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January 25, 2019
Democrats gain upper hand in state AG numbers

It is generally accepted that the top news emerging from the November 2018 midterm elections was the takeover of the U.S. House of Representatives by the Democrats (Dems), the first time Dems took control of the lower chamber since 2010. From the environmental standpoint, the change will result in the passage of more bills intended to advance the liberal agenda, although the continuing Republican majority in the Senate will ensure that little if any of this legislation proceeds to the White House. Less noticed, but also significant, were victories by Democrats in four state attorney general (AG) contests. Nationwide, the voting shifted the balance in favor of Democrats, who now occupy 27 state AG seats to 23 held by Republicans.

State AGs are primarily involved in enforcing the laws within their individual states. Many have also been aggressive in taking stands on national environmental issues, and it is common to see Republican AGs from red states suing the federal government over regulations that burden industry while AGs from blue states routinely challenge major deregulatory actions.

Here's what we learned about the environmental positions of the four new AGs:

Dana Nessel, Michigan. Nessel has attracted the most environmental coverage by announcing that she would drop the state from four cases in which Republican ex-AG Bill Schuette participated, in several instances without the support of Rick Snyder, the ex-governor and also a Republican. Two cases challenged the Obama administration’s Clean Power Plan (West Virginia v. EPA and North Dakota v. EPA), which governs greenhouse gas emissions from fossil fuel power plants. The third case, Murray Energy Corporation v. EPA, challenges a supplemental finding by the EPA related to the Agency’s Mercury and Air Toxics Standards (MATS), which govern emissions of mercury and other hazardous and toxic substances from power plants. The fourth case, American Petroleum Institute v. EPA, challenges rules governing the emissions of methane from oil and gas operations.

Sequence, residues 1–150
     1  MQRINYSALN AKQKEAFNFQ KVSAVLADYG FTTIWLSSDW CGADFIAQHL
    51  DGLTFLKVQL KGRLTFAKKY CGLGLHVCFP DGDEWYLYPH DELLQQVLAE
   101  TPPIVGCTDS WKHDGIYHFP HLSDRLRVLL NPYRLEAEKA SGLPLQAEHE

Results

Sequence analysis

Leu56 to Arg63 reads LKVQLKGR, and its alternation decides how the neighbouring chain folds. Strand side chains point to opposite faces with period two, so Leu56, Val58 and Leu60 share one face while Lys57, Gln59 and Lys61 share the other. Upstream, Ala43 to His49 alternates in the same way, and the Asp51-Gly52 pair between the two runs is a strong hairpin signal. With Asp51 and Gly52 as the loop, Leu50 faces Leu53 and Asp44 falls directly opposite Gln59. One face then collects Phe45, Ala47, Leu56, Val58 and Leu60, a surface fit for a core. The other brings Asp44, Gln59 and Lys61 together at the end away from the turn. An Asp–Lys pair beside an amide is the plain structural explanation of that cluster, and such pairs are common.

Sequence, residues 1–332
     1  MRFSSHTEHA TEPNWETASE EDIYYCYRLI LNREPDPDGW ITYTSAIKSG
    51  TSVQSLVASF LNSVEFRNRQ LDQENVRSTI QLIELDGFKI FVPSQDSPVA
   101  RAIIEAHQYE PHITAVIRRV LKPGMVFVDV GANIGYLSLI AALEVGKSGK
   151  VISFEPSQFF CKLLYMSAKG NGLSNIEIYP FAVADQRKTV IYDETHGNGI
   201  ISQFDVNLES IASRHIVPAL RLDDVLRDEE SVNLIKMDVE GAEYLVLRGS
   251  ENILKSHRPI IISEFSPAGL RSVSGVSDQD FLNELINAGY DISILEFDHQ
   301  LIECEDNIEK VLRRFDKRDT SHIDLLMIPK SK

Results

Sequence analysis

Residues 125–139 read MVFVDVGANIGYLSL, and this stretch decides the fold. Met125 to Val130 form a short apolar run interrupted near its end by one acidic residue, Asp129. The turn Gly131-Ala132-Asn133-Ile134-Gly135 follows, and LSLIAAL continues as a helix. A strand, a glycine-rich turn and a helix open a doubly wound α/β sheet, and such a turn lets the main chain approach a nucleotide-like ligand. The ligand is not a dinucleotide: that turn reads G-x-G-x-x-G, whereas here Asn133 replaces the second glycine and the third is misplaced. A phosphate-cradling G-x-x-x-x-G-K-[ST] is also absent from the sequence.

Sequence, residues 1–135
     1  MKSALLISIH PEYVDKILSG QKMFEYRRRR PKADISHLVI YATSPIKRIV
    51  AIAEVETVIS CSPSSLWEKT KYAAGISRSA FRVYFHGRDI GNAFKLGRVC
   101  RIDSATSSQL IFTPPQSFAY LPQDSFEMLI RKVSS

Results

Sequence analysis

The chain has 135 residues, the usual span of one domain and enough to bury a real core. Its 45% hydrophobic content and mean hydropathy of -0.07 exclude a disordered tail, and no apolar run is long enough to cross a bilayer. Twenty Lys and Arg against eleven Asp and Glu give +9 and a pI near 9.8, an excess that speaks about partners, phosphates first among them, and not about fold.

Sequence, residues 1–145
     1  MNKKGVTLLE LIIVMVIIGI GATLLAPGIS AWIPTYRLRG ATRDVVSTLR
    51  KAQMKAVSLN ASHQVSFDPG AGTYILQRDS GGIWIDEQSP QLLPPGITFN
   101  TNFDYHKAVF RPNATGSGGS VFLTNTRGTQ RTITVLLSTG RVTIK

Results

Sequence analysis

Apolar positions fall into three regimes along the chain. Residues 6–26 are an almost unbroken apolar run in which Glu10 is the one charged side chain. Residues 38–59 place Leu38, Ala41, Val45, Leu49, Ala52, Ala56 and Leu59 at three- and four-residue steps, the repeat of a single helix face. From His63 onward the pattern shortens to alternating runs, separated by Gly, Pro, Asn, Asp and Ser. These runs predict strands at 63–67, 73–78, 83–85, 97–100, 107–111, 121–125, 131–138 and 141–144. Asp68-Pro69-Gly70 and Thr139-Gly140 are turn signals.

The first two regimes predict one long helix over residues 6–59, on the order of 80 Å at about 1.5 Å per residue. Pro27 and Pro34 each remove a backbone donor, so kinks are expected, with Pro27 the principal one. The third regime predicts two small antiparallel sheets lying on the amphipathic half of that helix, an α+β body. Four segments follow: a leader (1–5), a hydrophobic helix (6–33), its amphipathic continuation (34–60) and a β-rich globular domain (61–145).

“Under my watch,” said Nessel, “Michigan will not be a party to lawsuits that challenge reasonable regulations aimed at curbing climate change and protecting against exposure to mercury and other toxic substances.”

Phil Weiser, Colorado. “Today, we are witnessing the devastating effects of climate change,” said Weiser during his campaign. “We have a moral commitment to our next generation to defend their health, safety, and environment.  We deserve an Attorney General committed to protecting our land, air, and water, not one who joins the [former EPA Administrator] Scott Pruitt agenda and denies climate change is happening.”

Aaron Ford, Nevada. “I’ll take on scammers who rip off our seniors, insurance companies who deny care, polluters who poison our air and water, and criminals and drug dealers who prey on our families,” said Ford.

In one of its first environmental actions, Ford’s office agreed to settle with both Fiat Chrysler and Robert Bosch over illegal defeat device software intended to circumvent applicable emissions standards for certain air pollutants. Bosch is alleged to have supplied and programmed the software used by Fiat Chrysler and Volkswagen in diesel vehicles. The two agreements will provide compensation for consumers who purchased or leased Fiat Chrysler vehicles allegedly containing defeat devices, as well as total payments of more than $171 million to 52 jurisdictions nationwide. As a result of these agreements, the state of Nevada will receive a total of $1,845,900. The proposed settlements with Fiat Chrysler follow earlier comprehensive settlements reached between Nevada (along with other state, federal, and private actors) and Volkswagen for similar allegations.

Josh Kaul, Wisconsin. Following the election, which also saw Democrat Tony Evers win the Wisconsin gubernatorial race, the two men faulted the decline in environmental enforcement under the previous 8 years of Republican governance and pledged to do better.

“Weak environmental enforcement undermines the deterrent effect of our environmental laws,” Kaul told the Wisconsin State Journal. “I believe that polluters that break the law should expect to be held accountable.”

Also, in an interview with the Minneapolis Star Tribune, Kaul said he wanted to instill a policy of “serious and even-handed enforcement of our environmental laws.”

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